Classical music has been an integral part of music curriculum both in the Blair School of Music and in the rest of the music world for hundreds of years.
In previous years, the Blair School of Music has had many ensembles and groups performing classical music, but few featuring modern-day composers. There were plenty of composition majors and other students composing music, but the process of getting groups to play their composed pieces was very difficult and time-consuming.
Students Thomas Faulkner, Tony Kirk, Jeremy Rosenstock, Lukas McIlhaney, and Aislinn Bailie agreed that new music was lacking in presence at Vanderbilt and in the Blair School of Music. They decided to take on the task of creating an ensemble committed to integrating new music and music by modern-day composers into the student body.
“The Eschaton New Music Ensemble is an ensemble of all student musicians, most of them within the Blair School of Music but a few of them from all over Vanderbilt, that are dedicated to performing works by exclusively living composers,” said Faulkner, the ensemble’s president.
They worked for months on creating this ensemble with a mission of not only having musicians play this new music, but having those who weren’t in the ensemble learn more.
“So many students in Blair either didn’t know a lot about new music or contemporary music or were interested in performing it but didn’t have the outlet to do so. We wanted to bring that to Blair and have the opportunities for people who really wanted to play but also people who wanted to learn more about it,” said Bailie, the Public Relations Chair.
Students join the ensemble out of their own pursuit. The rehearsals, practice and performances are entirely extracurricular. The ensemble requires an immense amount of dedication to the art by all of the Eschaton participants.
“Basically, the ensemble itself, Eschaton, is a collection of people. It’s a giant roster of people that may or may not be involved with every concert. So if you were to join Eschaton, that means your name would be on a list, and then when we are planning a concert we would be going through our repertoire. If we need a string quartet and you happen to play the viola, we look through our list of violas. We choose one. We put it in that piece,” explained vice president Tony Kirk.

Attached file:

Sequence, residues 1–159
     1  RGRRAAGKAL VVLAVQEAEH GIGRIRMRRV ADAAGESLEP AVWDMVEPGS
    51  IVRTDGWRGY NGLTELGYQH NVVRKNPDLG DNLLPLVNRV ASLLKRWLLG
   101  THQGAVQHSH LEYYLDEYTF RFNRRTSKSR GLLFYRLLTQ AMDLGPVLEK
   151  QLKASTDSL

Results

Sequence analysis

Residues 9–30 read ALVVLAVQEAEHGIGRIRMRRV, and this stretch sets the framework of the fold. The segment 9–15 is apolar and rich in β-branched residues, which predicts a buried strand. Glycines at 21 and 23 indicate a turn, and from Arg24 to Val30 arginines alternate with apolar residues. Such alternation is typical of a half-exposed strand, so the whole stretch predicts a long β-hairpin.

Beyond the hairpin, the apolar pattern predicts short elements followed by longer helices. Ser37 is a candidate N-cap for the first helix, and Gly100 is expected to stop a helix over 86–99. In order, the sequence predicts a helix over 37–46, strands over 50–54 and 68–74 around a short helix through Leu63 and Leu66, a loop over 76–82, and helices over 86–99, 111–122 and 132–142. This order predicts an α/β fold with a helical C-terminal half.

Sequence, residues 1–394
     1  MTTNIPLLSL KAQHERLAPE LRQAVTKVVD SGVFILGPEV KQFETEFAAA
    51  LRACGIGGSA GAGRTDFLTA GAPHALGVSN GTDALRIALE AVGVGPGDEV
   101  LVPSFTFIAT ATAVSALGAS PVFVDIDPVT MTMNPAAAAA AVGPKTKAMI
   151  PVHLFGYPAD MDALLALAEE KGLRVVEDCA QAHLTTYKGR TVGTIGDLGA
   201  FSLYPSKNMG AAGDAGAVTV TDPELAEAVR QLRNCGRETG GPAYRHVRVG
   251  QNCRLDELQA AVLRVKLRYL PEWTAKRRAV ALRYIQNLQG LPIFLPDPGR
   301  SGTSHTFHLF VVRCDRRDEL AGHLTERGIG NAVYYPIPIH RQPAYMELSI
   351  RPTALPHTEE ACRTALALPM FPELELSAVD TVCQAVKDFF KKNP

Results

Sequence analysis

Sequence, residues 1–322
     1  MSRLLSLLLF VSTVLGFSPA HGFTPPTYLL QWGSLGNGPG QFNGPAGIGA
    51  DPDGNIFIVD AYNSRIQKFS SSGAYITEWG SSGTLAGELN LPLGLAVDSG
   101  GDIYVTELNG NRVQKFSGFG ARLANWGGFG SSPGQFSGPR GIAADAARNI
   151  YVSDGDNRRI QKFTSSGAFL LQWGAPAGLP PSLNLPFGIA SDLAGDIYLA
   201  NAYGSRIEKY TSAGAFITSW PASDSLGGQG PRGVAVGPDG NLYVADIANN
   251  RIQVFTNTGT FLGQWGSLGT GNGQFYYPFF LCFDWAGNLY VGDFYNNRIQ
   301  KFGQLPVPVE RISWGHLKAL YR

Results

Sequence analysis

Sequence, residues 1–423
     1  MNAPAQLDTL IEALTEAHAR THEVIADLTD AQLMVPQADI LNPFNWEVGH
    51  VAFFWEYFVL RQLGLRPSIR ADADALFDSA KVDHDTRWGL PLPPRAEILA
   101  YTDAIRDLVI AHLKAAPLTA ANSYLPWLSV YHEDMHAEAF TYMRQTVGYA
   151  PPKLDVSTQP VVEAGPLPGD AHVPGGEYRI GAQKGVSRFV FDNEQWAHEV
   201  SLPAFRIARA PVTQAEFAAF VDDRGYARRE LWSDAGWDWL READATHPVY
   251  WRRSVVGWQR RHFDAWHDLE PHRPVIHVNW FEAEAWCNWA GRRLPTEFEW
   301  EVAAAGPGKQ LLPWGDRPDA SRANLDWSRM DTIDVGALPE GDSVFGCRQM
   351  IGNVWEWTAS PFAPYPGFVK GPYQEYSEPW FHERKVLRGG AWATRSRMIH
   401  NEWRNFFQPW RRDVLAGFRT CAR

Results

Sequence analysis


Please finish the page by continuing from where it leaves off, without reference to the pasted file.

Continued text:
Composers come to the executive board with their pieces. The executive board then finds musicians to fill the roles, and the smaller groups then have at least four practices before each piece is performed. One of the featured pieces in Eschaton’s upcoming performances, Living Sounds, is a piece composed by Lila Meretzky, featuring Keeheon Nam (clarinet) and Sam Long (voice).
“A thing with new music that I really like, especially here when we’re playing composed music by the composition majors, is that they’re here to answer our questions and help interpret the piece,” said Nam.
This process is not only beneficial for the musicians, but it is a great learning experience for the composers as well.
“You learn so much from the performers about what’s possible to do with their voice or with their instrument or what a young performer feels comfortable with. You know all the things that they’re willing to do, and so as a composer you’re kind of throwing things out and then they’re workshopping it,” said Meretzky.
The piece that they will be performing is not the typical classical piece. It features unique sounds and techniques that are rarely seen in classical performances.
“There’s this technique you can do on clarinet where you sing and play at the same time. That’s actually quite difficult but I get to do that, and not a lot of music has that. So even the clarinet kind of gets to voice their part,” said Nam.
This isn’t the only unique composition that will be featured in the performance. Other students’ works highlight equally unconventional music techniques, making the performance very eclectic and unpredictable.
“This is the new generation of composers. This is where the art is going and if you come to see this you get to be a part of being right on the cutting edge of a huge art form,” said Long.
“It’s exciting to feel like you’re part of a living art. If you come and experience our group, you will be witnessing people in active creation. What we are doing isn’t a glorified monument building like a lot of the rest of classical music. You might be hearing any work we play for the first time ever that anyone has ever heard that piece in that setting or at all, and it’s all by students,” said Faulkner.
See The Eschaton Ensemble perform their concert Living Sounds on Oct. 10 in The Blair School of Music’s Turner Hall at 8 p.m. Also, see their next performance A Humming Under My Feet on Oct. 29 in The Blair School of Music’s Ingram Lobby; 8:30 pre-concert talk and 9:00 p.m. concert.